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Honda CB1000R Review (2018)


Honda CB1000R

Yes, it costs more than the Japanese competition but it still rings true that you get what you pay for. Nice job Honda!
- Rating: 10 / 10

What Is It?

The Honda CB1000R is a neo-retro naked bike and is powered by a Euro 4 compliant liquid cooled 998 cc inline four cylinder engine, producing 143.5 bhp at 10,500 rpm and maximum torque at 8,250 rpm.


  • Seat Height: Average (830 mm / 32.7 inches)
  • Weight: Heavy (212 kg / 467 lbs)
  • Economy: Average (40 mpg / 7.1 l/100km / 14.2 km/l)
  • Range: Average (140 miles / 225 km)
  • Power to Weight: High (0.675 bhp/kg / 0.503 kW/kg)
  • Top Speed: Very high (150 mph / 241 km/h)


  • Awesome styling
  • Bags of details
  • Electronics
  • Handling
  • Comfort
  • Brakes


  • Reports of tank finish wearing quickly
  • No "retro look" TFT display
  • Mid-range power
  • Suspension
  • Seat

What Is It Like?

Honda CB1000R

  • Model: 2018
  • Mileage to Date: 1,200
  • Age: 62 years
  • Height: 6 foot
  • Weight: 98 kgs

My Experience

I've been riding for 40 plus years with most of my experience on sport bikes / sport tourers and I currently own two other bikes, a 2003 Honda Blackbird and a 2017 FJR 1300ES.

While I’ve owned quite a few pure sports bikes I moved to the CB from a 2016 Aprilia Tuono and although it's considered to be in the same “naked” segment from a power perspective the Tuono is much more mental.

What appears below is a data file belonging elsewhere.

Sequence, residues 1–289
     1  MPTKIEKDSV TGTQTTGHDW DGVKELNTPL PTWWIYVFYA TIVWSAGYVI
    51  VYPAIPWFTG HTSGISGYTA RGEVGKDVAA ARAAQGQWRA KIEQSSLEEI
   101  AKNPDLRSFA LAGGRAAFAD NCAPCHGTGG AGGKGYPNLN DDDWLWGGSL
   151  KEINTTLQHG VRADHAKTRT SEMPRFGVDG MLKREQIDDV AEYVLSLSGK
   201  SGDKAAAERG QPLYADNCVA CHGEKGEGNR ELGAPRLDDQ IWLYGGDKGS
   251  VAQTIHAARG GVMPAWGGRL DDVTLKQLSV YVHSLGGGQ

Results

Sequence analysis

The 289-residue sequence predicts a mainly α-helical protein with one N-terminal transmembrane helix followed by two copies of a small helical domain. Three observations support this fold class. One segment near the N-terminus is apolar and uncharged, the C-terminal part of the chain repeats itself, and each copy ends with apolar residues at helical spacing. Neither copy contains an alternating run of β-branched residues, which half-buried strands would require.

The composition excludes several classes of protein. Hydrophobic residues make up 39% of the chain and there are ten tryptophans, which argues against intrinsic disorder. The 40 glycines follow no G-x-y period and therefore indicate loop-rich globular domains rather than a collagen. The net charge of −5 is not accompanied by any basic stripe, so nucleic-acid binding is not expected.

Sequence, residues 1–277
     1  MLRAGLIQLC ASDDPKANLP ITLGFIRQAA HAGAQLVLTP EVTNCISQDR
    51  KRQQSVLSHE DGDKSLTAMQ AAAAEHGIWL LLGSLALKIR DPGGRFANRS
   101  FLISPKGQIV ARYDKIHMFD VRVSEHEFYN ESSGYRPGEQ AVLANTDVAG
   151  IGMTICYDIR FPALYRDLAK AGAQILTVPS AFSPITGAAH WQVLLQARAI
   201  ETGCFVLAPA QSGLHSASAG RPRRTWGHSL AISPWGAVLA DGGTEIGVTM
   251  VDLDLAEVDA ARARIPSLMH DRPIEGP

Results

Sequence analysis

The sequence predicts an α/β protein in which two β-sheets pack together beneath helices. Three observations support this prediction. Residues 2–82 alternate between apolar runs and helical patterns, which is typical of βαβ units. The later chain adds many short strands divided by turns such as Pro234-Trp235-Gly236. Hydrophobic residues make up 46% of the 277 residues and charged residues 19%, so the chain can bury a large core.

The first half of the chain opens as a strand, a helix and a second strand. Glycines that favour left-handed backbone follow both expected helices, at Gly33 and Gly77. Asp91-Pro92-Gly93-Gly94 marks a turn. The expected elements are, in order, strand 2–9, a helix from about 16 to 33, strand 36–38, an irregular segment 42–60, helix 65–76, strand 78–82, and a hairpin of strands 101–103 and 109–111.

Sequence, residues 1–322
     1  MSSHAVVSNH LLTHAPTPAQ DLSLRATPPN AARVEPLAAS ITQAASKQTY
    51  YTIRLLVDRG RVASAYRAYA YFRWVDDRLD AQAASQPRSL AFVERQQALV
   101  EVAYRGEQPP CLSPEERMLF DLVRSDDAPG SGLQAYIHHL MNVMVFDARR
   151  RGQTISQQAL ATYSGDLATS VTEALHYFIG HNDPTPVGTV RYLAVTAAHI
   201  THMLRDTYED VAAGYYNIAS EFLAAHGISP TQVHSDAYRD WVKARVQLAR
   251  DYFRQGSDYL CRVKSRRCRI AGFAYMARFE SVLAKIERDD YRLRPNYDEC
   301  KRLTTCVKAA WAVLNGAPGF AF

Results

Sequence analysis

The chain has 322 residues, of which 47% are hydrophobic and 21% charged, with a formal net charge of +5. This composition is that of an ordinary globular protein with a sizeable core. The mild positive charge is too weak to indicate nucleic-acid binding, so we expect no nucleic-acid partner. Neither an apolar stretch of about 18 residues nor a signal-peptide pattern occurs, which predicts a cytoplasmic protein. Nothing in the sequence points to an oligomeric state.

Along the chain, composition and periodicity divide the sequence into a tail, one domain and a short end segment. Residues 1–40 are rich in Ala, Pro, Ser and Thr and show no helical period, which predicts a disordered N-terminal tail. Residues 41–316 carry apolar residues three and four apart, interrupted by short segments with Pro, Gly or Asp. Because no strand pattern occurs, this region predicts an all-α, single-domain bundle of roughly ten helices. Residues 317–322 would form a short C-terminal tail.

Before the Tuono I had a 2013 Honda CB1000R for two years, which was also a great bike. Most of my comparisons below are referenced against the Tuono and the previous generation CB.


The Engine

The Tuono requires more throttle discipline given that monster V4 engine. The inline four on the CB is much more forgiving and you have to be more “purposeful” to ride it aggressively. The previous gen CB has more mid-range but is softer on top. The mid-range (4,000-6,000) on the new CB is where it feels soft but I don’t consider it a deal breaker. Running it a gear lower addresses this for me when I want to pull harder out of the corners.

DynoJet, the Power Commander folks, have just started efforts to improve the mapping and the initial results are showing promise. The new CB above 7,000 RPM really starts to shine and likes to be flogged.

The Exhaust

The stock exhaust note is pleasant but aesthetically it’s nothing to brag about (fugly). After doing a lot of research I opt’d to replace it with the Arrow GP-Pro which turned out to be a good choice given its great price, looks, weight loss (3 kgs) and gives a choice to run with or without a dB killer.

I ride without the dB killer and it’s quite pleasant sounding without making your ears bleed and quiet enough to not make my neighbours hate me. The butt dyno did not notice any performance loss.

I’ve noticed a lot more companies are now offering slip-ons for the CB. I couldn’t bring myself to pay the Akrapovic cost and I didn’t care for the bulky look and how it covers the single sided swingarm.


Oil changes are very similar to the previous generation, very easy with great access to the filter and drain plug. No heat issues even in +35 deg weather. The Tuono and the previous generation CB had no issues either.